Figure 2. In vivo antitumor effect of BiTE:OT-1 cells. (A) Scheme of the in vivo experiment for BiTE:OT-1 T cells. Groups of mice were subcutaneously injected with MO5 (2×106/mouse) in their left flank and the tumor size was monitored for 28 days. C57BL/6 mice, which were transplanted with MO5, were injected with OT-1 T cells or BiTE:OT-1 T cells (2×105/mouse) after 10 and 20 days of tumor cell injection. (B) Tumor size was measured in every 2 or 3 days. All groups of mice were sacrificed on day 28. *p<0.05, **p<0.01 (Student’s t-test; n=6/group). (C) CD8+ T cells from wild type mice or OVA-specific OT-1 CD8+ T cells (>90% of which were Vα2-positive) isolated from OT-1 mice using magnetic beads. BiTE:T cells or BiTE:OT-1 cells were prepared following protocol shown in 1C. BiTE:T cells or BiTE:OT-1 cells were incubated with MO5 cells for 16 h. Cancer killing activity of BiTE:T cells or BiTE:OT-1 cells were measured by CCK8 and CTV assay. ***p<0.001 (Student’s t-test; n=3/group). (D) Tumor-infiltrating lymphocytes (TILs) were analyzed. Effector memory T cells (CD3+CD8+ CD62Llow) were analyzed by FACS. The population and number of them were shown. **p<0.01, ***p<0.001 (Student’s t-test; n=4/group). These data are representative of three independent experiments.

Tumor growth was suppressed after transferring BiTE-bound polyclonal CD8 T cells

Through the experiment with B16.MO5 cells and OT-1 cells in C57BL/6 mouse model, we confirmed that mCD3/PD-L1 BiTE molecule can induce enhanced tumor-growth inhibition of OT-1 T cells compared to the matched tumor cells treated with plain OT-1 T cells. Further, we extended the utility of BiTE-bound T cells from antigen-specific OT-1 T cells to polyclonal CD8 T cells. To evaluate the anti-tumor activity of CD8 T cells bound with mCD3/PD-L1 BiTE, 2×105 of mCD3/PD-L1 BiTE:T cells were intravenously administered to MO5-bearing mice on the 10th day after initial tumor cell graft (Fig. 3A). Introduced mCD3xPD-L1 BiTE:T cells significantly suppressed tumor growth compared to both 2 μg/kg of BiTE intraperitoneal injection and plain T cell treatment (Fig. 3B). Additionally, analysis of T cell population in tumor showed that effector memory CD8+ T cells were increased compared to the control. However, central memory CD8+ T cells were decreased (Fig. 3C), suggesting an enhanced ratio of effector memory to central memory T cells. This result is consistent with the reports of previous studies suggesting that the increased effector memory to central memory T cells ratio in tumor serves as a predictive biomarker of enhanced anticancer immune response against several cancers (Liu et al., 2020; Principe et al., 2020). To assess that BiTE efficacy shows more efficient when the T cell is activated, we examine the function of BiTE:T depends of its activation. As a result, activated T cells with BiTE shows significantly suppressed tumor growth compared to both 2 μg/kg of BiTE intraperitoneal injection and non-activated T cells with BiTE (Fig. 3D). These results indicate that mCD3xPD-L1 BiTE can direct polyclonal CD8+ T cells to the tumor and inhibit the tumor growth when it is bound to polyclonal CD8+ T cells. This is similar to the function of CAR-T cells from the polyclonal T cells that can be directed to and kill cancer cells through surface scFv introduced by lentiviral transduction.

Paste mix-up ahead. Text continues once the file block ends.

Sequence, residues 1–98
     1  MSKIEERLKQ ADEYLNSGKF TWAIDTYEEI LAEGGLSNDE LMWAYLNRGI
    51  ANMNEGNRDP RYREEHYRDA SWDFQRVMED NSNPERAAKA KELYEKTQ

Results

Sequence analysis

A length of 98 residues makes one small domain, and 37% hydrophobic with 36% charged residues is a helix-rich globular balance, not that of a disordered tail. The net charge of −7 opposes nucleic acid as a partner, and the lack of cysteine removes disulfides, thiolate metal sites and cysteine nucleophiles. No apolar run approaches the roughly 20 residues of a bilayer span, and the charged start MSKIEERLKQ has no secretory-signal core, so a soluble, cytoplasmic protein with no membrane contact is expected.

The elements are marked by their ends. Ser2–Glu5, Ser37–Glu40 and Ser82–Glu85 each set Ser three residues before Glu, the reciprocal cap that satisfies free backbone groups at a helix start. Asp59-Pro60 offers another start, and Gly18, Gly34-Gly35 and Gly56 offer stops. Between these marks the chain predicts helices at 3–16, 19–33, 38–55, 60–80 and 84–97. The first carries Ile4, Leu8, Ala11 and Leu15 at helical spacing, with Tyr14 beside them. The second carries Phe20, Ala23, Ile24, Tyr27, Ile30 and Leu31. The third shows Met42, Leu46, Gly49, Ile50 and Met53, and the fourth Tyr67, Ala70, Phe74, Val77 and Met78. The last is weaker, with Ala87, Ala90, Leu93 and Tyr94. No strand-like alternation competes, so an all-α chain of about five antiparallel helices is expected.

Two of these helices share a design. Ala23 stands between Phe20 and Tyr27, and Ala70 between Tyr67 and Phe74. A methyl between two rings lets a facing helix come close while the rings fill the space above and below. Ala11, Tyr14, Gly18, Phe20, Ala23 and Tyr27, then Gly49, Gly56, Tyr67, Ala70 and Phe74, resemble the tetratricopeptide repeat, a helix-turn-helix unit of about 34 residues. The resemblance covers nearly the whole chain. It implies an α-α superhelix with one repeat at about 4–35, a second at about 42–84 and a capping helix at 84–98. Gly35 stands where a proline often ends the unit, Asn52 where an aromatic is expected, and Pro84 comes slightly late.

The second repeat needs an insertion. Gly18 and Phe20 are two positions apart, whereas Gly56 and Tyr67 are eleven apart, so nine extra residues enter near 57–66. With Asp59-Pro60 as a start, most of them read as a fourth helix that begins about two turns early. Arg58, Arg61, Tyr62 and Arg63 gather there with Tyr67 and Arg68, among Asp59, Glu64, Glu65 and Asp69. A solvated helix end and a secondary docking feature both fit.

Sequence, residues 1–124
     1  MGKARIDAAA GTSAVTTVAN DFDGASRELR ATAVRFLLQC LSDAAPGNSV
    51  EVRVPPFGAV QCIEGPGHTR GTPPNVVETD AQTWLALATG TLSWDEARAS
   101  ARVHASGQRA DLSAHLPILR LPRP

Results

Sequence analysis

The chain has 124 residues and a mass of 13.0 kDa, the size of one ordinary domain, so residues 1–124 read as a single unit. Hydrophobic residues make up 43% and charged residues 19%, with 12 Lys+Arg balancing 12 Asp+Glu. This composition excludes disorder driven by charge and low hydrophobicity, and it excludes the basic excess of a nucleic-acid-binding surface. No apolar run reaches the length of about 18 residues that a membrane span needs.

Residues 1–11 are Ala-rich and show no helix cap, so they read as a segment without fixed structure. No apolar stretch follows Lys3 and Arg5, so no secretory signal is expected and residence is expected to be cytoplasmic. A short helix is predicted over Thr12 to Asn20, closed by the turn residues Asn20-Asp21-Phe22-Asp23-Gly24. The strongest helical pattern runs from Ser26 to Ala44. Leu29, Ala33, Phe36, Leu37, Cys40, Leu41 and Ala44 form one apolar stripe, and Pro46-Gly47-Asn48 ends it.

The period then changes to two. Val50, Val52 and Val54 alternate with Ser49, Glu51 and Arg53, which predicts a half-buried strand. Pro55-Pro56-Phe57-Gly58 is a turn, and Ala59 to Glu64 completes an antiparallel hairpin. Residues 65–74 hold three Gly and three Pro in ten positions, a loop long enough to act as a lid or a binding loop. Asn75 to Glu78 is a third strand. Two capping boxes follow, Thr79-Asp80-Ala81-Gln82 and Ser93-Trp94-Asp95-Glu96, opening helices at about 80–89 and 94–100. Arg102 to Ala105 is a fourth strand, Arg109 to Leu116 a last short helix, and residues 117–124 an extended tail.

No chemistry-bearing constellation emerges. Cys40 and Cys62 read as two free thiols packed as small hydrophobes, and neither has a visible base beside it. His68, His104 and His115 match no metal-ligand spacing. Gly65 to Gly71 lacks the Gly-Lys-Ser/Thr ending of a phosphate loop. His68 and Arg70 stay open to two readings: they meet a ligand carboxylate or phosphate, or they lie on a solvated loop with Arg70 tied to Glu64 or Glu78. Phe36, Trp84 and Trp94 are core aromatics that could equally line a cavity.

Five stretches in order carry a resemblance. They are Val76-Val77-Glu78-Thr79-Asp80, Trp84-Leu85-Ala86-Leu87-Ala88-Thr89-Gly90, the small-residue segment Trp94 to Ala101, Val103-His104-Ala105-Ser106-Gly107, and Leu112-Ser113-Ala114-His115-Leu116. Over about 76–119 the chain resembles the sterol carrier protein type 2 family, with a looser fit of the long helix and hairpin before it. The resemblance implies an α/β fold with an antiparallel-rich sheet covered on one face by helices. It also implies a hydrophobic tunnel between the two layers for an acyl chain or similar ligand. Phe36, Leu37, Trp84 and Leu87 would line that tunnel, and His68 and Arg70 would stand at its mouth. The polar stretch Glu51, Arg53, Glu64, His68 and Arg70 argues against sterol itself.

Figure 3. Antitumor effect of BiTE:T cells constructed with activated autologous polyclonal CD8+ T cells. (A) Scheme of the in vivo experiment for BiTE-bound autologous polyclonal T cells (BiTE:T cells). Groups of mice were subcutaneously injected with MO5 (2×106/mouse) in their left flank and monitored for 30 days. BiTE (2 μg/kg), autologous polyclonal T cells, or BiTE:T cells (2×105/mouse) were intravenously transferred to tumor-bearing mice after 10 days and 20 days of tumor injection. (B) Tumor sizes were monitored for every 2 days and the tumor weights were measured at day 30 after euthanizing the mice. **p<0.01, ***p<0.001 (Student’s t-test; n=6/group). (C) CD3+CD8+CD44+CD62L+ effector memory T cells and CD3+CD8+CD44+CD62L central memory T cells in tumor infiltrating lymphocytes (TILs) of every group of mice were analyzed by FACS. *p<0.05, **p<0.01 (Student’s t-test; n=4/group). (D) MO5 cells were grafted in the left flank of C57BL/6 and BiTE (2 μg/kg), and BiTE-bound T cells (BiTE:T) with or without activation through αCD3 and αCD28 were intravenously injected after 10 days and 20 days of tumor challenge. Tumor sizes were monitored for every 2 days or 3 days. Non-activated T cells were also cultured for the same period as the activated T cells. After euthanizing the mice, tumor weight was measured. *p<0.05, **p<0.01 (Student’s t-test; n=4/group). All the data shown are representative of three independent experiments.

Binding of BiTE on CAR-T cells also potentiated anti-tumor activity